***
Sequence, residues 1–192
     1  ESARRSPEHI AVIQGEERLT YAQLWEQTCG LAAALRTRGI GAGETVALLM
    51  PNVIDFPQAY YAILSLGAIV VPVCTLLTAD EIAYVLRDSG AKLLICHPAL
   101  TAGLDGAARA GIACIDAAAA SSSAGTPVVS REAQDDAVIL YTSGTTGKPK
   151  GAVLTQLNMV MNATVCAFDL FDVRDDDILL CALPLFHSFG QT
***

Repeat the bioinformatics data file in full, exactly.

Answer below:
Sequence, residues 1–192
     1  ESARRSPEHI AVIQGEERLT YAQLWEQTCG LAAALRTRGI GAGETVALLM
    51  PNVIDFPQAY YAILSLGAIV VPVCTLLTAD EIAYVLRDSG AKLLICHPAL
   101  TAGLDGAARA GIACIDAAAA SSSAGTPVVS REAQDDAVIL YTSGTTGKPK
   151  GAVLTQLNMV MNATVCAFDL FDVRDDDILL CALPLFHSFG QT